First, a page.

We were one of the last rally rigs to arrive, but we were in plenty of time to settle in before the orientation meeting.  The Adventure Caravans New York City Rally had 31 people attending with 18 rigs.  There were only 3 singles enrolled, with the rest being couples from across the country.  Many were from the midwest, with a few from Florida, and only one other couple from the west coast.  Although we have been on 2 previous AVC rallies, there was no one we knew on this trip other than the owner of the company, Tina Poole, and her wife Claudia. 

Tina and Claudia wanted to join the rally as TailGunners because they had never been to New York.  It was fun to see them again since we had spent time with both of them at our previous rallies.  

The RV park wasn’t in the least bit fancy.  Most of the sites were in full sun in what was simply a gravel parking lot.  We had electric and water but the dump station was at the rear of the park in an area that was a bit difficult to access, especially for the big rigs.  There was a decent shower area and a large laundry that worked fine for me, but not always for everyone. Because we have a smaller rig, we were assigned a spot directly adjacent to the park maintenance building, and the only place in the park that had a line of trees to shelter us a bit from the hot sun.  Lucky break.

The only thing going for Liberty Park RV Park is the location.  Right at the marina, it is walking distance to a ferry to New York City, and a short hop to the ferries that access the Statue of Liberty and Ellis Island.  We had been warned that there was no actual “grass” for the dog to walk, but discovered a decent trail along the waterfront that served for our ten days of Mattie walks.  Most of the time, we had that walk area to ourselves, and the far reaches of the huge parking lot were empty enough that Mattie could run off-leash.  She learned not to chase the Canada geese that also frequented that remote edge of the lot.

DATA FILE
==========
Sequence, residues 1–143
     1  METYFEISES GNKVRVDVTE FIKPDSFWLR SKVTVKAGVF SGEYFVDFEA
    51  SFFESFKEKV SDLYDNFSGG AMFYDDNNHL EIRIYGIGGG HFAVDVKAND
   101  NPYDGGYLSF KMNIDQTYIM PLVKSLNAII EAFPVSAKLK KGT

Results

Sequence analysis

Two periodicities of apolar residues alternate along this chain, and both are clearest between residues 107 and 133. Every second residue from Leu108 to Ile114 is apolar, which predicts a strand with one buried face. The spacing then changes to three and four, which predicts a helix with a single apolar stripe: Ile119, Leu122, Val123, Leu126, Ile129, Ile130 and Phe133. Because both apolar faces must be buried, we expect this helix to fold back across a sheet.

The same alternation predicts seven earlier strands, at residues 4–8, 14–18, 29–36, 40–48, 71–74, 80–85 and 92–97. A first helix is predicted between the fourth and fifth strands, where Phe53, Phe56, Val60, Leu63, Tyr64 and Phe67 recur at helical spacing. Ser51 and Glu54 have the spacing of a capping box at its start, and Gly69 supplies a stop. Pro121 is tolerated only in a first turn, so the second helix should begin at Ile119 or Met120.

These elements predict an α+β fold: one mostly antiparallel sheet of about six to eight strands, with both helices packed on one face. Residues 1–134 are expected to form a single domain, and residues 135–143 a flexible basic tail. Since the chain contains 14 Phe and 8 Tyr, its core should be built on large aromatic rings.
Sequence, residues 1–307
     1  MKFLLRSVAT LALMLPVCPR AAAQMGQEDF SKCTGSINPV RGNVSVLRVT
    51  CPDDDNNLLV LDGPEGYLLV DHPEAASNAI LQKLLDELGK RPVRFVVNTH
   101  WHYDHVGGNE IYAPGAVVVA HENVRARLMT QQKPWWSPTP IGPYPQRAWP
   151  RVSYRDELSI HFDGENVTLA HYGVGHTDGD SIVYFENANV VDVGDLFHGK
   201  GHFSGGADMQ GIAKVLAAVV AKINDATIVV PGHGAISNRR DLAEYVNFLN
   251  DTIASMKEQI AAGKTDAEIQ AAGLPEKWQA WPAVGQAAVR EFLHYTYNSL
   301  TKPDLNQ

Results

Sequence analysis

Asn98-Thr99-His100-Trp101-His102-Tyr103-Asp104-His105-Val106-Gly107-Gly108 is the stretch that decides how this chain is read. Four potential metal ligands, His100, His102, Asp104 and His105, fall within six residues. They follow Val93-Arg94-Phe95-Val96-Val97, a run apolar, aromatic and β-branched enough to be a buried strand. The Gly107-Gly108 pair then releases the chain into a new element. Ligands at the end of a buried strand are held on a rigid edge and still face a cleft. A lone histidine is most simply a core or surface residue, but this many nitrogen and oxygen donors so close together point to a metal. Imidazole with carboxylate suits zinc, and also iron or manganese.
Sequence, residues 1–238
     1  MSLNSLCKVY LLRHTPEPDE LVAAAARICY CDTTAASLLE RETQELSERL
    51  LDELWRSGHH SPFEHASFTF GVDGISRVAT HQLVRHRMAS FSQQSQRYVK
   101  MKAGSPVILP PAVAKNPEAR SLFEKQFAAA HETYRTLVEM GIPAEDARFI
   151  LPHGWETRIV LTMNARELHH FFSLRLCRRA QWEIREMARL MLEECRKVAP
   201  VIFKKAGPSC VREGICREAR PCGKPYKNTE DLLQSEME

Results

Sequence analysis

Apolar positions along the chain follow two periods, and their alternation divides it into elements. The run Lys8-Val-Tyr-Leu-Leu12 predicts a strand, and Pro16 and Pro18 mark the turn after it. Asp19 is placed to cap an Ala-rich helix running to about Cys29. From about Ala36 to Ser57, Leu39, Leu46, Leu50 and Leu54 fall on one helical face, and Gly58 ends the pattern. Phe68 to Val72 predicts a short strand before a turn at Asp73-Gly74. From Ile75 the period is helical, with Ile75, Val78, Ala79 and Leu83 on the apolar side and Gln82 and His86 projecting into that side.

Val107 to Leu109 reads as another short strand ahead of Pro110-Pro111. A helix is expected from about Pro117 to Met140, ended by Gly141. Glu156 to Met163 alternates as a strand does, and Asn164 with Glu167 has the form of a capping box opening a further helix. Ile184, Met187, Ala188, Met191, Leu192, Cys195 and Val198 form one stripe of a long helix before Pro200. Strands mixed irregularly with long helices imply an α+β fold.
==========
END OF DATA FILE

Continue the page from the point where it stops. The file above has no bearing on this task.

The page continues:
There was a restaurant across from the park that most of the attendees had been to the previous night.  Stories about a two-hour wait and ordinary food made us happy we hadn’t bothered.  On that first night, after the meeting and settling in, we had our own supper at home and prepared for the next week and a half of rapid-fire entertainment.  I don’t think we had a clue about the intensity of what we were about to experience.  It was enough for us, that after our scary start with a breakdown on our first day out, unexpected problems with overheating the rig, thunderstorms, google girl kerfuffles, and a LOT of driving, we were at last at our destination.  Ten days of letting someone else do all the worrying felt wonderful.

09-09-2022 Thoughts on New York City

I used to read more blogs than I do now.  Somehow the old “blogging RV community” has shifted and changed.  A lot.  But that is another story.  The first reason for choosing to read a blog is that the person writing is a friend. Usually someone I have met in person and developed a relationship with.  A bit vaguer second criterion is that the person writes more than “we went here, we did this.” My writing can slip into this as well, especially when we are going and seeing and doing at the pace we have been for the last week.  Maybe that is why writing can be so daunting at times like these. 

My daughter Melody said this morning that she can’t wait to hear what I think of New York City. I have only seen the City from the perspective of a tourist.  One that is ferried around in a giant shiny bus, with a driver that negotiates the crazy traffic, tunnels, and tiny lanes with incredible expertise.  I have visited most sites with a guide and a map and a timetable.  It probably isn’t the best way to immerse in a great city.  Mo and I walked the streets and trains of Washington DC, Bangkok, Thailand, Seattle, San Francisco, Los Angeles, and many others on our own. Daughter Deanna and I walked the streets of Florence and hiked the steep trails of the Amalfi coast on our own, and daughter Melody and I braved Vienna, Budapest, and Prague without the benefit of a bus or a guide. But New York City is another beast entirely.  After more than a week as a tourist, I still know that tackling this city on my own would be daunting.